Yes, another Soviet lens. The Helios 44-2 is a copy of the Carl Zeiss Biotar and known for its "swirly" bokeh - a feat not easily reproduced. In fact, in the example below, I didn't even see it on camera - it wasn't until I playing with them in post that I noticed it. Given enough time, I will get better at catching the correct distances bewteen shooter and subject, and subject and background.
As it stands, its a fun lens to keep on my camera when I'm just hanging around. And while the aperture isn't exactly fast, I am always surprised at the narrow depth of field despite its f/2. Narrow enough I suppose. The aperture setting once again is in the very front of the lens, but as with the Jupiter-9 it contains an aperture lock, which helps tons in that location.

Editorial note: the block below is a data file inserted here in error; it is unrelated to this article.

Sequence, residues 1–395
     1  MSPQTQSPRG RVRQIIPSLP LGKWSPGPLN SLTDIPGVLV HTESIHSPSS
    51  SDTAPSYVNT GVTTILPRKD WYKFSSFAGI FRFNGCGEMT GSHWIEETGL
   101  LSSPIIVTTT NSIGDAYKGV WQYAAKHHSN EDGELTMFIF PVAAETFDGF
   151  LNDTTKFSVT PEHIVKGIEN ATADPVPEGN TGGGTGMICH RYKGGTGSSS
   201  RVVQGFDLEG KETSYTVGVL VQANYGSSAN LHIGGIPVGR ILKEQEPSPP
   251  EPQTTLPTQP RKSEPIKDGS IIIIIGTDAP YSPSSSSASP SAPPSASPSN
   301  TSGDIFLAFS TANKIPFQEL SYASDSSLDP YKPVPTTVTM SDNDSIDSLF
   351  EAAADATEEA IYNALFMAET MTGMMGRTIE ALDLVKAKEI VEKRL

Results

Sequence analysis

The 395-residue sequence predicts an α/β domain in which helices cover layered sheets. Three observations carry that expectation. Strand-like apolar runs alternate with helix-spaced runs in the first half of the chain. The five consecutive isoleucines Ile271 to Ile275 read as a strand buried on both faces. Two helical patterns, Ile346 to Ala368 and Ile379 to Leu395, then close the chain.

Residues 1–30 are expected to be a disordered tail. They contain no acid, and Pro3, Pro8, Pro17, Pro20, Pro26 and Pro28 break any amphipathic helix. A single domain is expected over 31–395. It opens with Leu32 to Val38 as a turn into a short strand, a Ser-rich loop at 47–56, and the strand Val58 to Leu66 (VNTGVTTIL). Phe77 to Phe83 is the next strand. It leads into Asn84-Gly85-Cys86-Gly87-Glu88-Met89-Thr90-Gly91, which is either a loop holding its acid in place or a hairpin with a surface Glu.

I ran out of 49mmm filters, but happened to have a rubber lens hood (the Canon EF 50mm f/1.8 STM has its own hard plastic fitted hood like the EF 70-200mm F/4 USM but I haven't ordered it yet) which does what I want it to for the time being. This lens is a little rougher than my other lenses having the black paint rubbed off in a couple of places, but the focusing ring is smooth and effortless.
At 58mm its little longer than most of my primes (APS-C 93mm) but hardly noticeable unless you're swapping lenses on a tripod pointed at a static target. Just saying.
You can make out a slight swirly bokeh on either side of the hay, near the edges of the frame.
Slight swirl here just around Big Puddy's big head.